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Taking the Crooked Glen to Crumlin

TEAMWORK: The Burns brothers in the Crooked Glen in Crumlin, Laurence and Damien TEAMWORK: The Burns brothers in the Crooked Glen in Crumlin, Laurence and Damien
By Michael Jackson

THROUGH a process of Anglicisation, Crumlin is among the thousands of Irish towns and areas whose place names are virtually lost in translation. Situated in Antrim’s hills, the Crumlin derives its name from the Irish ‘An Cromghlinn’, meaning The Crooked Glen, which is the name adopted by one the town’s most exciting new pubs.
Headed up by North Belfast businessman Laurence Burns and his brother Damien, The Crooked Glen is bringing the original meaning of the name Crumlin back into everyday use in the town and breathing new life into one of the Main Street’s most prominent buildings.
Laurence has spent the last 11-years leading operations at the popular city centre nightclub, Thompson’s Garage, and has also worked on a number of the city’s biggest events and festivals, including our own Best of the North awards ceremony. However, when the opportunity to run his own bar and restaurant arose he jumped at the opportunity, and while aiming to bring something new to the area he said paying homage to the town’s Irish-speaking heritage was vital.
“I was always trying to keep my ear to the ground so that when a pub came up I would be in contention for it,” he said.
“I had done that through Jeeves Limited and then the opportunity came up just before Christmas.
“There was an opportunity for me to take it on – along with my brother who is my business partner – and give it a wee bit more care and attention.
“It had been O’Connor’s twice before under two different businesses. The previous owner was O’Connor and the guy who took it on firstly was O’Connor, so I didn’t want to be the third O’Connor’s and that’s where the Crooked Glen came into it. There’s a big Irish speaking community up in Crumlin and I just thought they would appreciate that the name came from Irish origins. That’s where the name came from and it has gotten a really good response.
“I got a logo and then used the boys from North Belfast Graphic to implement the artwork outside on the walls, the menus, and all the rest of it.”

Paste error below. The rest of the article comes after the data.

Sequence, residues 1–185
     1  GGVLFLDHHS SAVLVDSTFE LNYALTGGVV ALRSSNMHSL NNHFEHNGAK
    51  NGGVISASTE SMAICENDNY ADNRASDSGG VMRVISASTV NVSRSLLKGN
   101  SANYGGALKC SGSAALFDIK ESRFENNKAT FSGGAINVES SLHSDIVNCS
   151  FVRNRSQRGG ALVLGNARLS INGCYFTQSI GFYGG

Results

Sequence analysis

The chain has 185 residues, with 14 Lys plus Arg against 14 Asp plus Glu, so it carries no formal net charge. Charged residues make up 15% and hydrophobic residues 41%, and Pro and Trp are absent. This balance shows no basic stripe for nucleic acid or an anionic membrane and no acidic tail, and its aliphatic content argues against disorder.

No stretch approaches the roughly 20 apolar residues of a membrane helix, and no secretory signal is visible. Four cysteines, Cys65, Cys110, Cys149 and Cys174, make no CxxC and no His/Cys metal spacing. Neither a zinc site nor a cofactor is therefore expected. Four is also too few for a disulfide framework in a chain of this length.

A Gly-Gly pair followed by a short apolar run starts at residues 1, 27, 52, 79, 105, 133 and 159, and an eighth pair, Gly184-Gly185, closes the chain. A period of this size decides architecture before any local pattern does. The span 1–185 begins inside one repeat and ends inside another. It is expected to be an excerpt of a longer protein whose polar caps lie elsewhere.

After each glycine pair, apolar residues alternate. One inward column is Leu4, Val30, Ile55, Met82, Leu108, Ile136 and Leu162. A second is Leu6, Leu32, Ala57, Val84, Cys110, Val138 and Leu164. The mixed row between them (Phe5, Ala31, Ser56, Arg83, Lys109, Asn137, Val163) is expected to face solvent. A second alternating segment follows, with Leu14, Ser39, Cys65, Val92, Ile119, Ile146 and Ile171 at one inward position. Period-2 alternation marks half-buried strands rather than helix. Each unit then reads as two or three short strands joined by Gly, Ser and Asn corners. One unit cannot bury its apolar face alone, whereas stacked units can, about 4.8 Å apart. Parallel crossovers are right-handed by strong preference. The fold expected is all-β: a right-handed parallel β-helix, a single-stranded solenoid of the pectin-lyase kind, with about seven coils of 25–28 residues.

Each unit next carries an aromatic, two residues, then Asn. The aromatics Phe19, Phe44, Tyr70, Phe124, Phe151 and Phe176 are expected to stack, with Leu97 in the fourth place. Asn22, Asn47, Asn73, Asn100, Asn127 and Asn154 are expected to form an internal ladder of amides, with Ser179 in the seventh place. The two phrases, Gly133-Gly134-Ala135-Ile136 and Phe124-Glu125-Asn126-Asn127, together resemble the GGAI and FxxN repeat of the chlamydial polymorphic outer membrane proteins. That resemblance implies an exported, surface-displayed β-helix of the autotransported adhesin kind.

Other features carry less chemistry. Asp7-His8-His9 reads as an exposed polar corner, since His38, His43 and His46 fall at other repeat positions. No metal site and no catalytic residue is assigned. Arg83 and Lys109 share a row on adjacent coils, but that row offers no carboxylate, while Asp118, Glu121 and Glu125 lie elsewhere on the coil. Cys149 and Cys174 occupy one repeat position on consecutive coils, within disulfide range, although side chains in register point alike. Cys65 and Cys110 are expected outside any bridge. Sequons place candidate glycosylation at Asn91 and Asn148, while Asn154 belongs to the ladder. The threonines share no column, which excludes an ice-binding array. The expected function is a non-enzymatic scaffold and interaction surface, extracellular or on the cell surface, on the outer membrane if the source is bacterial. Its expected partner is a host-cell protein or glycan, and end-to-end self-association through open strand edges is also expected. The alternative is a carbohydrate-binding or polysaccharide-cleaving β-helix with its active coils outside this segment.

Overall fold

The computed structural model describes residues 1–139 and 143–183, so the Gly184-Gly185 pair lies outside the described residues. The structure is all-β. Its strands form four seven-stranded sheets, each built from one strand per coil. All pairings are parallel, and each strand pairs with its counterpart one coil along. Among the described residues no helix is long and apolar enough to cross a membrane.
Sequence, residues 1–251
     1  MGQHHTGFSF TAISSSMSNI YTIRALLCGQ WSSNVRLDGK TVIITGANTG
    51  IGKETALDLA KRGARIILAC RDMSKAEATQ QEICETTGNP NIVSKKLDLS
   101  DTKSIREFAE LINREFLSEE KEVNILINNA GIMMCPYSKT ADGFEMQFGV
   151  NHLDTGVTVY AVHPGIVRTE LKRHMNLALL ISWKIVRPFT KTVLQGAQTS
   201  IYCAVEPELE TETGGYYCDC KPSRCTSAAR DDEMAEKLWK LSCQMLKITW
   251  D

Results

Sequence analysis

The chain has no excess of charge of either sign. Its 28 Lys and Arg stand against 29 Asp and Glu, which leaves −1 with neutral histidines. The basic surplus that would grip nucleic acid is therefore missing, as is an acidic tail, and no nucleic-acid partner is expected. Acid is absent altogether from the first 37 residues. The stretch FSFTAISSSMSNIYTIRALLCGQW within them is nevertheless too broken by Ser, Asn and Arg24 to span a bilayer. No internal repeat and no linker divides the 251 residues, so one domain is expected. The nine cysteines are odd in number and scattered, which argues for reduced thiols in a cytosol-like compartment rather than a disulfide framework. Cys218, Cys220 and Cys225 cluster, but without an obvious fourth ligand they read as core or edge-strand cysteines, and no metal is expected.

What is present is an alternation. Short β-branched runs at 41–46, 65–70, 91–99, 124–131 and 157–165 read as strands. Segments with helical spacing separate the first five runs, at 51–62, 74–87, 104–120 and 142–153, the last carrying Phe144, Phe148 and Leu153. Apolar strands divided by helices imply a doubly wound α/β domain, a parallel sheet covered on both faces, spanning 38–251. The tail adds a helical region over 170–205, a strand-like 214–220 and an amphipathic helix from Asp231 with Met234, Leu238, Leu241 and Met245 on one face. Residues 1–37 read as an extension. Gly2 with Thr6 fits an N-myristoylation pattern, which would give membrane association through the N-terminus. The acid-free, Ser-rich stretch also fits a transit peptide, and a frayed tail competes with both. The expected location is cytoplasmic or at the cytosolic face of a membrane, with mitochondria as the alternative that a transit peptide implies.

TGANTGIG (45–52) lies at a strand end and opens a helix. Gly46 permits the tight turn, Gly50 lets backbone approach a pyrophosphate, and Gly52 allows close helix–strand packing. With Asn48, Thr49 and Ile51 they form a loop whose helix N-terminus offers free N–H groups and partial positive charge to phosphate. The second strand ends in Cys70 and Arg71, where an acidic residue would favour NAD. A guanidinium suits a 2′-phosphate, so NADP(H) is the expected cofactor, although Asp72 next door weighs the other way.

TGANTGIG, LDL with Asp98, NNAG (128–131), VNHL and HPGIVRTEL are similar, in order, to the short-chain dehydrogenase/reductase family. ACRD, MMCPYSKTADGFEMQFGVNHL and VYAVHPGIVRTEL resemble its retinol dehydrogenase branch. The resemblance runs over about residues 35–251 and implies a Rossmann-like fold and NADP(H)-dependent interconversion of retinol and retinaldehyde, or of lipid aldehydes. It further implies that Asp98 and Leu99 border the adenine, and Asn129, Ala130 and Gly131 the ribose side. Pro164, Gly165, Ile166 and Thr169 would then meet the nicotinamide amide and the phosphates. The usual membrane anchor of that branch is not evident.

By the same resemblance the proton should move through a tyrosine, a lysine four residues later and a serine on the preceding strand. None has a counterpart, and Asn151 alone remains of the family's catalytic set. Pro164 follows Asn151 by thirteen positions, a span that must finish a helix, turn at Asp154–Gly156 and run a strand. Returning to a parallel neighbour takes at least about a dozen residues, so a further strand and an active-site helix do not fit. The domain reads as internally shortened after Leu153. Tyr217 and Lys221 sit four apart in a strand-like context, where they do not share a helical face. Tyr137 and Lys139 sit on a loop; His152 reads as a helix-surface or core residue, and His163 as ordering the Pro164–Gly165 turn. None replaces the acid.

He continued: “I fell in love with it the first time I came into it. I just loved the character of it.
“The first time I came in was as a customer, I sat downstairs and had a bit of craic with a few of the locals who are now my regulars. They were giving me a bit of stick and saying that if you’re eating in here you have to keep the fire filled up. We were just having a bit of banter – I actually did get up and put a bit of coal on the fire. I hadn’t even seen upstairs at that stage, but I had my lunch and said to Damien that I had a really good feeling about the place. I knew I liked it right away, I had a feeling for it and I could see the potential.”
In terms of its space, The Crooked Glen has it all – a cosy fireside bar, a beautiful upstairs restaurant and a fantastic outdoor area. In the short six weeks since taking over the venue, the Burns brothers have implemented an exciting new menu, improved service standards and have lined up a number of talented artists for their weekly live music sessions.
“The responses and reviews that I’m getting is that we’ve taken a bit of creativity from Belfast and brought it up into Crumlin – that’s no disrespect to anything that was already up here,” Laurence said.
“It’s the first time that things have been done in this way up here. In the restaurant it will be a bit more of a service led experience, downstairs is your good hearty pub grub with the music, the fire and the pints, upstairs you have a bit more of a refined dining experience.”
By offering everything from food to live music and sports, The Crooked Glen aims to have “something for everybody” in the town.
“I don’t think Crumlin has had that calibre of musician here on a regular basis. We want to bring the best of what we can afford here, we can’t charge on the door, but we’ll put on the best music possible with a varied selection on Friday, Saturday and Sunday.”
He added: “Crumlin sometimes feels like you’re in Donegal because it has that country village feeling, but you’re also on the doorstep of Belfast, so people are used to going in and out of the city and sampling what it has to offer.
“We’re trying to take the good things that are in Belfast and the good things of village life in Crumlin and combine them into what should be a strong brand in the Crooked Glen.”

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